The Idea in Brief
Imagine attending a meeting at which you and your colleagues have to invent an idea for a new business. The only instruction you're given is to "think outside the box." The task is so vague that you'd promptly give up.
Coyne, Clifford, and Dye propose a better approach: structured brainstorming. Through this process, you pose concrete questions that focus people's thinking in ways that spark fresh ideas. For example: "What businesses could we invent if we reproduced something children love in an extreme form for adults?" This notion has catalyzed creation of 25+ new product categories, including gourmet jelly beans, Spider-Man movies, and paintball. You also orchestrate the brainstorming process to help people work effectively together; for example, sequestering all the pushy people in one group so they can't dominate the others.
Structure your brainstorming, and you get a shower of great ideas you can transform into profitable reality.
The Idea in Practice
Coyne, Clifford, and Dye offer these suggestions for using structured brainstorming:
Ask the Right Questions
The best questions guide people to valuable--and overlooked--corners of the universe of possible new ideas. The authors recommend asking six types of focusing questions:
To develop your own list of questions, notice whenever you come across a new business idea that you consider really clever. Ask, "What question would have caused me to see this opportunity first?"
Orchestrate the Process
Design brainstorming sessions to be consistent with how human beings actually think and work together. For instance:
Clarify what constitutes a good idea in your particular case. Discuss constraints such as how much money your company can spend to implement an idea, what level of staffing the company can commit, and when you need a payback.
Select participants who can produce original insights. Include people who will have answers to your questions through firsthand knowledge. You may need to bring in people from outside your immediate staff, such as customers and salespeople who have direct experience with what's going on in the market.
Make social norms work for you. In meetings of 10+ people, the social norm is that most people speak only a minimum amount while a few dominate. Break large groups into groups of four, where the norm is for everyone to participate. Put pushy people into one group so they won't silence those in the other groups.
Don't rely solely on one brainstorming session. Sometimes ideas keep improving over time. To capture all the good ones, consider scheduling a follow-up meeting or two, or gather additional thoughts from individuals after the session.
Copyright 2007 Harvard Business School Publishing Corporation. All rights reserved.
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Harvard Business Review
by Teresa M. Amabile, Constance N. Hadley, and Steven J. Kramer
In addition to structuring actual brainstorming sessions correctly, support an organizational culture that stimulates creative work during low- and high-pressure times. Start by refusing to buy into the illusion that pressure spurs creativity: It usually doesn't. On low-pressure days, encourage people to play with ideas and develop something new. Protect time-pressured creative thinkers from distractions and unrelated demands. If tight deadlines are unavoidable, explain why they're necessary. Employees feel a sense of mission (which fuels creativity) when they understand the urgent need for their work. And minimize abrupt scheduling changes. You'll reduce uncertainty, helping people to concentrate on their real work.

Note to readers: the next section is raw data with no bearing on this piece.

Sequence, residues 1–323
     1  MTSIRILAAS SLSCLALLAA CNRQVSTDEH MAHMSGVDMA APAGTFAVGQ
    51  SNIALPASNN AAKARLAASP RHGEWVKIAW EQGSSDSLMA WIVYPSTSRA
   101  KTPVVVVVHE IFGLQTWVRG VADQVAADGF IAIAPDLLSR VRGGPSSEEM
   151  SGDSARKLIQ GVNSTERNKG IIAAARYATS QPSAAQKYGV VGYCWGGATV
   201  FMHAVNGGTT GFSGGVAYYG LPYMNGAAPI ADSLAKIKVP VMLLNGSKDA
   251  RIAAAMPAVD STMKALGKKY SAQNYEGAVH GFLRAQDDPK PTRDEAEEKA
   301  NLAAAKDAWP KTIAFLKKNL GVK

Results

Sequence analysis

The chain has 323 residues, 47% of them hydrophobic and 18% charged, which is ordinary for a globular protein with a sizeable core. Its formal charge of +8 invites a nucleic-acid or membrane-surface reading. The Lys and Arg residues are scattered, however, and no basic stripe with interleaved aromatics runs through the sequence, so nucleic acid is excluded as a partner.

Harvard Business Review
by Andrall E. Pearson
Pearson describes five practices that can help you further "institutionalize" innovative thinking in your organization: 1) Create a creativity mind-set; for example, by not casting blame when experiments fail. 2) Let people cross lines and take risks; for instance, by forming task forces that spur cross-functional interaction. 3) Be hardheaded about strategy by establishing boundaries around what you're trying to do for customers. 4) Look outside your firm--to competitors and customers--for potentially profitable ideas. For example, discover what's already attracting consumers, then out-execute your rivals. 5) Throw needed money, people, and programs behind your new product or service. You'll never have the first-blood advantage again.
Harvard Business Review
by Anthony W. Ulwick
Customers' opinions rarely provide assistance in generating breakthrough ideas. But, says Ulwick, that's because companies ask customers, "What do you want?" That's the wrong question. When you ask customers what they want, they respond with solutions (products, services features) they've already experienced. They can't imagine new technologies or materials. To get valuable input from customers, find out what outcomes they desire. For example, medical-device maker Cordis translated cardiologists' suggestion for a solution ("a smooth balloon") into the desired outcome "Minimize risk of dissecting a vessel." Cordis used this insight to create the highly successful artery stent, which doubled the company's revenues in two years and vaulted its stock price fivefold.